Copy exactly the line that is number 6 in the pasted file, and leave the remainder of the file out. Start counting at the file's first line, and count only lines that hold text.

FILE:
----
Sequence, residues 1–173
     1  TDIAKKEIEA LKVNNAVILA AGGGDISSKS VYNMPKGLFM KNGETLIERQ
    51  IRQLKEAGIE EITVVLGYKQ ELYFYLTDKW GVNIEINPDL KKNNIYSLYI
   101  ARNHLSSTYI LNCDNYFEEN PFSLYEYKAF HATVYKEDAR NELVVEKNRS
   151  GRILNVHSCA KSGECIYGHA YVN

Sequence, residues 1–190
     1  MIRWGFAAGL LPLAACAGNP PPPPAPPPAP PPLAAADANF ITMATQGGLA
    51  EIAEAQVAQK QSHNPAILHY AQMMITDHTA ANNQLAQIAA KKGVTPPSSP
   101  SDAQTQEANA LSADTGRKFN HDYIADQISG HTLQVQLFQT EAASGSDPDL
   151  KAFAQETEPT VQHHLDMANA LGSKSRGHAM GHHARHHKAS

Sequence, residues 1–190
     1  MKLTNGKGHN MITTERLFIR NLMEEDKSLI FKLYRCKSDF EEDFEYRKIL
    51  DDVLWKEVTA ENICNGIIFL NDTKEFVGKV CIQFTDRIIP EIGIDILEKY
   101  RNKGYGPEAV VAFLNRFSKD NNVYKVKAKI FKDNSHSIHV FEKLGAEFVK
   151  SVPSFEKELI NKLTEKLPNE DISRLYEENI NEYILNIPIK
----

Sequence, residues 1–190